31 March 2014
Transcript, interview with Tracey Holmes, ABC News Radio
Garrett: I’m absolutely over the moon for all those people who wanted to see the charade of scientific whaling cease for once and for all. And to have this ruling from the international court, which is absolutely clear and totally comprehensive, vindicates the decision that we took in taking Japan to the court and I think it means, without any shadow of a doubt, that we won’t see the taking of whales in the Southern Ocean in the name of science
Journalist: Can you give us an indication of just how big this win is? You were taking on the might of history and tradition with the Japanese and all of their arguments that went with their case.
Garrett: This decision is incredible and I will readily say that I’m feeling a sense of great elation because the court took seriously the arguments that Australia put. And in doing so it looked very closely at what we and the nation had been saying and doing, with other nations of like ilk such as New Zealand, to point out that in actual fact if we want to understand these great marine creatures we don’t need to be killing them with harpoons in order to do it. And that it had been, and clearly was, a betrayal of the principles of the whaling convention to allow Japan to continue with that practice. This is a comprehensive and resounding decision in Australia’s favour. I am over the moon about it but I am because it means that we won’t see harpoons in the Southern Ocean. We certainly shouldn’t see them down there any longer.
Journalist: As you said, it is a resounding success. The court ruling was 12/4 in Australia’s favour. Did you expect it to be so comprehensive?
Garrett: I must admit I had mixed feelings about the court making its decision. There’s lots of judges on this international court. But I think the fact that the court found initially that the special permits that were granted by Japan weren’t for the purposes of scientific research, meant that they had actually looked closely at what was going on in the Japanese so-called scientific program, JARPA II. And you know, I always said from the start that we have got a good relationship with Japan – they are a major trading partner of Australia’s – and it was something which any nation that had such a close association could only do if it had the absolute conviction that it was the right and proper path to take. I was always convinced that it was, as was the government. And I think today the decision by the International Court of Justice has borne that out.
Journalist: Peter, you are out of politics now but you were extremely close to this issue. How often did it come up in regards to the ongoing relationship, as you say, the very strong relationship with Australia and Japan. How much of a thorn in the side was it?
Garrett: Well, I think the fact is that it was never a decision that the government took lightly. We recognised the seriousness of the relationship and we knew that it would have to be managed carefully and with sensitivity. But at the same time, most importantly, we weren’t negotiable on the question of killing whales in the name of science. And this had been a core value for me when I came into the parliament, something that I was determined to pursue no matter what. It was consistent with Labor Party policy and it became the policy of the government. And Stephen Smith, Rob McClelland, Kevin Rudd and the Cabinet had to make a decision as to whether we would take that step. I was pleased that we did but I am even now more pleased that the court has vindicated our decision.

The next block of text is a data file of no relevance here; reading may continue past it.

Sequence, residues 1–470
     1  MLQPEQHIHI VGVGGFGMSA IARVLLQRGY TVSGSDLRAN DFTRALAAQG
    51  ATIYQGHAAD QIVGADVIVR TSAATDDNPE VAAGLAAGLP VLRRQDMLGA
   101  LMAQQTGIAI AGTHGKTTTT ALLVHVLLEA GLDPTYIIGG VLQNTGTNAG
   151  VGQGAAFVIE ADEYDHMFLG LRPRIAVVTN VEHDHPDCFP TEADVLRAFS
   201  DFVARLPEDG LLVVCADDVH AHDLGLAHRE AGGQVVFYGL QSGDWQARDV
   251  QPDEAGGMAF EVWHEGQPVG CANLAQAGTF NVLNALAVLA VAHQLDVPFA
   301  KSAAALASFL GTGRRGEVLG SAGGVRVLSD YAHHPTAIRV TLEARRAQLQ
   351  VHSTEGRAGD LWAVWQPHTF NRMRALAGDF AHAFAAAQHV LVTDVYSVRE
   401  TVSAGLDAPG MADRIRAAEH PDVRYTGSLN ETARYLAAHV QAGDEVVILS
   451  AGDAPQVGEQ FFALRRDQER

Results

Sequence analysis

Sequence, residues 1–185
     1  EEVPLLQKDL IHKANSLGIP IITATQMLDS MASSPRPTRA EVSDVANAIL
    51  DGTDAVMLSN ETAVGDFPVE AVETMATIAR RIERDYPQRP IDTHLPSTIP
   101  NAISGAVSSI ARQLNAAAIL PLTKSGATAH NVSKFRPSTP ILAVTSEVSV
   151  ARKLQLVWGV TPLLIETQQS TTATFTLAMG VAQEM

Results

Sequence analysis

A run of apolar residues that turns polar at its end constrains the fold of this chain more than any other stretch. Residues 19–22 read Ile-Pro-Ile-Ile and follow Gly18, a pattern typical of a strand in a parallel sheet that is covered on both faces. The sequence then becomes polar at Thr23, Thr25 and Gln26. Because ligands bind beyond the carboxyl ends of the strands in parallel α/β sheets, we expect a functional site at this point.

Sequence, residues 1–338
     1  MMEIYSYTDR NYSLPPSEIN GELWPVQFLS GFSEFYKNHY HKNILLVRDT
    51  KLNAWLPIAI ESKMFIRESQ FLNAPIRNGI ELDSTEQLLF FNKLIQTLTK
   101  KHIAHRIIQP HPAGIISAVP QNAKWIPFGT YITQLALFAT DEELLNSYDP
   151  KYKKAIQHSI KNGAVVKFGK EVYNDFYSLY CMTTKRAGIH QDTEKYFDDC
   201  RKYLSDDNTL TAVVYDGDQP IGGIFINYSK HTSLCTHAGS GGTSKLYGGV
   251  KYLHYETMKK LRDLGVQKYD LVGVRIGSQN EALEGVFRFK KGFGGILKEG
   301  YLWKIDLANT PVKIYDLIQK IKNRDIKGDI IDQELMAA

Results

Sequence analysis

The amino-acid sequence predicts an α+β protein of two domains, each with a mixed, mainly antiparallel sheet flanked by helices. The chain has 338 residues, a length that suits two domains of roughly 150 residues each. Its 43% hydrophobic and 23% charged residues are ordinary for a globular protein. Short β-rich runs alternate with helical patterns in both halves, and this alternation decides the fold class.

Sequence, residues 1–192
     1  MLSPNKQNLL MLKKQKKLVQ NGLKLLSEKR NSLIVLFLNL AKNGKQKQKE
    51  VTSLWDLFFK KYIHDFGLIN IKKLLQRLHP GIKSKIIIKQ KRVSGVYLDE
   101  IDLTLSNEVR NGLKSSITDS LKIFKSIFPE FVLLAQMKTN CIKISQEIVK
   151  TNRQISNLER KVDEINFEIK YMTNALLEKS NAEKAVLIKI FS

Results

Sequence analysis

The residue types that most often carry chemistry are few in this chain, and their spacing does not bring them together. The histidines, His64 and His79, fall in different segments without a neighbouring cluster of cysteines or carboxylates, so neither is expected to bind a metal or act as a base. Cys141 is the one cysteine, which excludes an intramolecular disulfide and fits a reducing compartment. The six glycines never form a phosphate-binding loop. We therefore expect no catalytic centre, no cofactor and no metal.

Journalist: We know that politics is so much the art of compromise. Did you ever feel any pressure to back down from this fight?
Garrett: No, I didn’t. I think the reason for that is that I knew so well how many Australians felt deeply about this issue. I knew so well that, in some ways, we had, if you like, the tides of history on our side. It just wasn’t acceptable any longer for any nation, whether it was one that we sold a lot of our products to or not, to basically be delivering what was just a fake reason for carrying on with the practice which we didn’t believe was necessary or acceptable. And remember that the recovery of whale populations has been one of the great conservation triumphs of the last four or five decades. And it was one that was still put at risk by the actions of Japan, and other countries too, who were seeking to find ways around the convention and potentially begin commercial whaling again. So we couldn’t compromise on this. We didn’t. And tonight the court has backed us in. It’s a great day.
Journalist: We know it is not a total victory. The whaling can still continue on a much smaller scale but you’re confident that it won’t happen around Australian waters?
Garrett: Yes, I am confident. I would be very surprised if Japan saw fit to continue any form of so-called scientific whaling after this decision. The decision is absolutely comprehensive on the basis of the arguments that were brought by Australia. It finds in our favour in just about every single one of the matters that the court had to determine. Most observers, Tracey, thought that the court would find a middle ground and that it would say that it was not a particularly good thing that you are doing but on the evidence we have perhaps and find some legal language or reasoning that might be really a middle ground outcome. That hasn’t happened tonight. What’s happened tonight is that Japan have been told that they are not able to continue on the scale of killing whales that we have seen in the oceans to our south, and around the Antarctic, in the name of science. And I think that message being as clear as it is means that there shouldn’t be any killing of whales for that reason.